Windows users have it just as easy as the Mac folks when it comes to installing Plone. I don’t have Windows Vista myself, so I can’t tell whether it works on Vista, but it’s quite happy on XP. Here’s how it goes: Visit and click the link for “Get Plone for Windows.” Use the first link, not the second one, which assumes you already have the Zope application server installed.

Depending on your browser, you’ll have an icon for Plone somewhere that you can open:

Follow the on-screen instructions until you get to the “Enter a password” page. Here, you’ll set up the name and password for the administrator account on your new Plone site. Traditionally, people use the name admin, but you can use whatever you like:

Finish the installation wizard and then head over to your Start menu and point to All Programs. You’ll have a new program group, Plone; point to that and select Plone. That’ll make the Plone Control Panel appear:

Click the Start button followed by the View Plone… button and Plone will start up and your favorite web browser will open to the Plone start page.

Welcome to your new Plone site!

Logging In

If content management is all about through-the-web editing of content, the first thing you’ll need to do is log into your new Plone site. You can use either the log-in box on the left or the log-in link in the blue bar near the top. Use the administrator password that you set up during installation of Plone. If you used the Windows installer, you set up an administrator user name and password already. If you’re on Mac OS X, the administrator user name and password are listed in the /Applications/Plone-2.5.2/Instance/adminPassword.txt file. For other platforms, consult your documentation.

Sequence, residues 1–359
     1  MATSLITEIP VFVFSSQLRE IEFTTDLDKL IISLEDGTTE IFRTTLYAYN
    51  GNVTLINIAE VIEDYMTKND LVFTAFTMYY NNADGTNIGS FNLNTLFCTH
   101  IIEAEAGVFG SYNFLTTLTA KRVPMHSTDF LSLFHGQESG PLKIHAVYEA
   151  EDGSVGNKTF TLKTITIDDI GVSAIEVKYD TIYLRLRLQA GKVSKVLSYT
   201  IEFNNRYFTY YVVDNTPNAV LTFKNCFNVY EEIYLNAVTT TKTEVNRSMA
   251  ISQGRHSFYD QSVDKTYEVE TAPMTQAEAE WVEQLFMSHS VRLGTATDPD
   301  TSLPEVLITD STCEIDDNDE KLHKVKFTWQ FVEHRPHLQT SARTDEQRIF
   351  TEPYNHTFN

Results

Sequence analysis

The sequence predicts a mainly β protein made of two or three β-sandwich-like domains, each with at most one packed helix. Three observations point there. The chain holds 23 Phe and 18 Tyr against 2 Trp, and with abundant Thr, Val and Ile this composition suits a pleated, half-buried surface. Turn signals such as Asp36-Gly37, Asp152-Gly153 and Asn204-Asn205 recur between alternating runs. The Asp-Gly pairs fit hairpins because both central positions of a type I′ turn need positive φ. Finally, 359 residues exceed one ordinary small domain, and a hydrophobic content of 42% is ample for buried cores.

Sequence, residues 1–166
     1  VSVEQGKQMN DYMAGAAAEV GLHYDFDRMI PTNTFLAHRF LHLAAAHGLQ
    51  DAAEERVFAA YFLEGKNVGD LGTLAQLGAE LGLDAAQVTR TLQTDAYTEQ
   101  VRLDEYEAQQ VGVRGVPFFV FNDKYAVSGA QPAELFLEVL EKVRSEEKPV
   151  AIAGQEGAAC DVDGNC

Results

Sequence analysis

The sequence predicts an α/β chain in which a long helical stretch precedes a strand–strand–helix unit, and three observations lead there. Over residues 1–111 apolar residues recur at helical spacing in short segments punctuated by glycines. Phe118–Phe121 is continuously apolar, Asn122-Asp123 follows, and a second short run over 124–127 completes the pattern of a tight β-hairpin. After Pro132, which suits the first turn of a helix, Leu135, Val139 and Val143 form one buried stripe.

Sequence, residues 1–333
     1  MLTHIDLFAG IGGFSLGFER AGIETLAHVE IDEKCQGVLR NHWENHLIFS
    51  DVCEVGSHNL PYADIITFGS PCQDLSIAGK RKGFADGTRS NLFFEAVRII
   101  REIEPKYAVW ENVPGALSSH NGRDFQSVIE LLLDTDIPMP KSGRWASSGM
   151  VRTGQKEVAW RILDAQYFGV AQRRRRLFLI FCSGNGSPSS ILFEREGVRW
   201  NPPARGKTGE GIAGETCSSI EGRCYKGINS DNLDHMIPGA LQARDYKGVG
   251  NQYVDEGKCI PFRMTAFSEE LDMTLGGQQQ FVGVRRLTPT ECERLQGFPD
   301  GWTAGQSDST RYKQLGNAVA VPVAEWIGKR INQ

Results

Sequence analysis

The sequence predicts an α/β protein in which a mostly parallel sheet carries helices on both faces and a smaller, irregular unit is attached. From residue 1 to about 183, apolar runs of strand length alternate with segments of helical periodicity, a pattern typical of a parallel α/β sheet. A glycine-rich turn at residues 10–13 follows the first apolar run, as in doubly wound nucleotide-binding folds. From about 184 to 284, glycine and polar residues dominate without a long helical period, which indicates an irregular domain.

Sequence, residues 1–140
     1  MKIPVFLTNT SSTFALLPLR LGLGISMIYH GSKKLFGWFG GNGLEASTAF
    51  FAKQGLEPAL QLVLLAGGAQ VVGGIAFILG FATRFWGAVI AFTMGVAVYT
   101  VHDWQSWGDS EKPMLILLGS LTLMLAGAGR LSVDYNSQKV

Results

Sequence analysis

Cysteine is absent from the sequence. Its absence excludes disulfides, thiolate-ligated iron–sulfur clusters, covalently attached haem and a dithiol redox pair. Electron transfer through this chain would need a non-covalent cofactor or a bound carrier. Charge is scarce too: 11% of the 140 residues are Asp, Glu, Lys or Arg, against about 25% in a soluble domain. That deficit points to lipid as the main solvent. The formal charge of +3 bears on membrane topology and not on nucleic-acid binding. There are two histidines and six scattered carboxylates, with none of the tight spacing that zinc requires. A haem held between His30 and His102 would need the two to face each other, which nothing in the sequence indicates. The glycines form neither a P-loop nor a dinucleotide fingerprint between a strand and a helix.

After logging in, you’ll notice that the blue bar changes to something like the following:

This is called the personal bar and contains useful tools. Click “my folder” to head over to the administrator account’s personal folder. By default, each user who signs up or is given an account on a Plone-based site gets a personal folder where he or she can practice creating and editing content with Plone. Naturally, you can configure this behavior, but for an out-of-the-box set up of Plone it makes a lot of sense to provide private work areas for people to experiment. And. that’s exactly what you’re going to do.